Digital currencies could also speed the development of payments in China as the country’s government seeks to be the first to issue such an asset. In mid-September, MRP outlined the People’s Bank of China’s (PBOC) development of a digital, “stablecoin” version of the Yuan. While Mu Changchun, previously deputy director of the People’s Bank of China’s payments department (and now head of the PBOC’s digital-currency research institute), announced that an official Chinese digital currency was “almost ready” in August, and some believed it would go live as soon as Nov. 11, coinciding with Singles’ Day, a popular Chinese shopping holiday. The PBOC denied having set any date for an imminent release of the digital Yuan, but the country is likely racing to beat Facebook’s Libra to the punch.
While it will take some time for non-Chinese payment firms to make their mark in China, the strong results we can already observe in new services and investments in India is evidence that companies like PayPal, Visa, Mastercard, Google, and others will eventually begin breaking off larger pieces of market share and bolstering their earnings.
Source material for today’s Market Insight…
PayPal to enter China through GoPay acquisition
The People’s Bank of China has approved PayPal’s acquisition of a 70% equity state in GoPay (Guofubao Information Technology Co. [GoPay], Ltd.), which will make PayPal the first foreign payment platform to provide online payment services in China.
U.S. firms in the financial services market have for a long time struggled to enter China. Notably, American Express became the first U.S. card network to gain permission to set up card-clearing services in China last November, and Mastercard this year said it would try to set up a joint venture with another local player to gain entry.
PayPal said the transaction is expected to close in Q4 2019 and is subject to customary closing conditions.
Chinese Mobile Payments Titan Ant Financial Offers Investor Day Insights
Ant Financial demonstrated just how big Alipay really is, posting a 20 percent growth in the six months as of December 2018. Between Alipay proper and its various “local e-wallet partners,” a total of 1.2 billion users worldwide is now being reached. Since Alipay launched its globalization strategy back in 2016, the coalition saw an overall growth of 260 percent in just the last three years.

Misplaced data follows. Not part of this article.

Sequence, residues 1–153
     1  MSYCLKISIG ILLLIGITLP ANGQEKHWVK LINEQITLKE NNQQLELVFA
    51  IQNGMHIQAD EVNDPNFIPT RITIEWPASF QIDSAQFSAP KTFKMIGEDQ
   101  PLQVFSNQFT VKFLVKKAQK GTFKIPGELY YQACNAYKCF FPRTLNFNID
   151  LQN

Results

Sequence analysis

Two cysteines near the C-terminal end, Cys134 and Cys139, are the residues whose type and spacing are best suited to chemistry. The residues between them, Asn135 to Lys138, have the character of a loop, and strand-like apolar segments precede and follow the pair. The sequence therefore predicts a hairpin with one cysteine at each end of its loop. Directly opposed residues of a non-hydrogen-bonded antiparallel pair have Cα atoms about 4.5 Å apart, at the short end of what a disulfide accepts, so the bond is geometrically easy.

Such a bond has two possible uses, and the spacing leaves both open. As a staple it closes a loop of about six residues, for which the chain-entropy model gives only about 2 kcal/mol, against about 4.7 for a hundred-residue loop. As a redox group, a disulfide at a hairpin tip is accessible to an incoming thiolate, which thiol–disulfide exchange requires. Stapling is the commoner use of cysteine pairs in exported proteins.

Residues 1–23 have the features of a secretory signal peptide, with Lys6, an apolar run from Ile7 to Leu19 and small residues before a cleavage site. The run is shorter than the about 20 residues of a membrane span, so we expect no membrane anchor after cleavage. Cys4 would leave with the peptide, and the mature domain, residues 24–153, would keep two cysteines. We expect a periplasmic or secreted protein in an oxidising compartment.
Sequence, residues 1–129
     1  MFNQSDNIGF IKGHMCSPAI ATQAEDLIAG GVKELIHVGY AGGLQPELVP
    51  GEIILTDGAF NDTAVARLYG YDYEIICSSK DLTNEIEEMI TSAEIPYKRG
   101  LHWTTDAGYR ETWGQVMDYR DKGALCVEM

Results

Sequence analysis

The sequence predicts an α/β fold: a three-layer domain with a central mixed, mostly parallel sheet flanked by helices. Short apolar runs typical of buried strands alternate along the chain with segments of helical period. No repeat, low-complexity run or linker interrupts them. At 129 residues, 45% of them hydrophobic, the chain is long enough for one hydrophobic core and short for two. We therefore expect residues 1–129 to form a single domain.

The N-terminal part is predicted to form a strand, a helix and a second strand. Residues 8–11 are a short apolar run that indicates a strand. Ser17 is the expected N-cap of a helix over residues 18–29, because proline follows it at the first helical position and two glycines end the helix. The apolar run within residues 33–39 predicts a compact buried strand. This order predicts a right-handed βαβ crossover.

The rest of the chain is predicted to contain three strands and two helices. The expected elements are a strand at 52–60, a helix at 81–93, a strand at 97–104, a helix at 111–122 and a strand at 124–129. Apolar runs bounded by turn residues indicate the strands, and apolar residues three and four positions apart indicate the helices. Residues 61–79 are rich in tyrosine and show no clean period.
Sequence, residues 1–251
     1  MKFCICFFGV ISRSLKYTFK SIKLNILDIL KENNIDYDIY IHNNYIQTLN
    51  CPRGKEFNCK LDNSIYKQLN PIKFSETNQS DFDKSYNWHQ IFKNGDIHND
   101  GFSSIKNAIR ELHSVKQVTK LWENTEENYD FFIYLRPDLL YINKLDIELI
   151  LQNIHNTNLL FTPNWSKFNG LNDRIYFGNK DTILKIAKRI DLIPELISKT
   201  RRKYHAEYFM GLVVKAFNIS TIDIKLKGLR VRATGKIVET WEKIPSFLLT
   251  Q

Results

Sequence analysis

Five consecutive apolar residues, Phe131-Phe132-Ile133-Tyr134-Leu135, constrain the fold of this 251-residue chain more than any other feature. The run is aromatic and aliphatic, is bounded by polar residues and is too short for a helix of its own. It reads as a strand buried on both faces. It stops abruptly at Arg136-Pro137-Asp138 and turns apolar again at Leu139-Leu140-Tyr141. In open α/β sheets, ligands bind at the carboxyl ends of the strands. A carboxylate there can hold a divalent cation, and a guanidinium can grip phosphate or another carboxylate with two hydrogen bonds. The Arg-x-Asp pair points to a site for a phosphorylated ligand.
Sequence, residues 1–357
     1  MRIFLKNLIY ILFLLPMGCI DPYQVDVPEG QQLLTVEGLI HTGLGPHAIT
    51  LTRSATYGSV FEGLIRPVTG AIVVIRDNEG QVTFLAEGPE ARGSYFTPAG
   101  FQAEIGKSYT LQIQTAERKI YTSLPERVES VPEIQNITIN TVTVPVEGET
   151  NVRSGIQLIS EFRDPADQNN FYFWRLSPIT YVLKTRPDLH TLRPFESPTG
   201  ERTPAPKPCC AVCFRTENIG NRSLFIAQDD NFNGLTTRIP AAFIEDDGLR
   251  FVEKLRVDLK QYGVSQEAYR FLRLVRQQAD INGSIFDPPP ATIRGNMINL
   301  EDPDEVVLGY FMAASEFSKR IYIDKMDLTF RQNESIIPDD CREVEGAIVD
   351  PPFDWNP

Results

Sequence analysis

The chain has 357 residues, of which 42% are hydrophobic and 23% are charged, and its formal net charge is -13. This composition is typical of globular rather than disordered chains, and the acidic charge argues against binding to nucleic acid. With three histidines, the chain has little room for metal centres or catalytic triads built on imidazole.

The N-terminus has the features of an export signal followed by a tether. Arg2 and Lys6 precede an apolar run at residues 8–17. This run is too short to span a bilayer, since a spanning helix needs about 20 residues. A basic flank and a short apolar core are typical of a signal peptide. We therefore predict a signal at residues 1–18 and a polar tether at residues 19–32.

Ant Financial has been actively considering the future and has determined blockchain will be a major part of things. Thus, it’s been opening up its studies on blockchain to various potential and current partners, including banks, insurance companies, and even elements of the government to help find ways to improve efficiency and reduce costs with the still-new technology.
Ant Financial demonstrated just how big Alipay really is, posting a 20 percent growth in the six months as of December 2018.
China’s fintech stocks buoyed by Beijing’s digital currency push
The CSI fintech theme index, an index tracking major financial technology firms, has gained more than 50% so far in 2019, far outperforming the broader market. Among the big gainers are Beijing Certificate Authority , which mainly provides electronic authentication services; its share price hit a record high this month after having soared nearly 200% this year. 360 Security Technology Inc , China’s biggest network security services provider, has seen its shares jump more than 50%.
Investors have rushed to buy into fintech firms this month despite no clarity on when Beijing will launch its digital currency. Yi Gang, the central bank governor, has said the PBOC does not have a timetable for rolling it out.
“We believe the PBOC would probably continue to use the current infrastructure of commercial banks, while the most important carrier of personal digital currency would be mobile phones,” Soochow Securities noted in report. The brokerage said the digital currency related industry chains would include circulation operation service providers, banking IT service providers and core service providers of e-wallets.
Google chases businesses to maintain its payments lead in India
Google said today it is bringing its mobile payments app — Google Pay — to businesses in India as the Android-maker rushes to maintain its payments lead in one of its key overseas markets before its global rival Facebook sets off a similar play in the nation.
“India has more than 60 million small and medium-sized businesses, however only a fraction of them support digital payments. Imagine the transformation that is possible if more of these merchants could access payments online,” said Ambarish Kenghe, director and product manager for Google Pay. The company is also bringing a feature that will enable users to discover entry-level and white-collar jobs through the Google Pay app.
The payments market in India — which is projected to be worth $1 trillion by 2023, according to Credit Suisse — is becoming aggressively crowded and competitive.
Google also announced that it is bringing tokenized cards for debit and credit cardholders in India, which will allow them to pay for things using a digital token instead of their actual card number.
In the meantime, Paytm is working to expand its reach in the nation, too. The company, which posted a yearly loss of over $500 million last year, said earlier this month it intends to invest another $3 billion into its business in the next two years.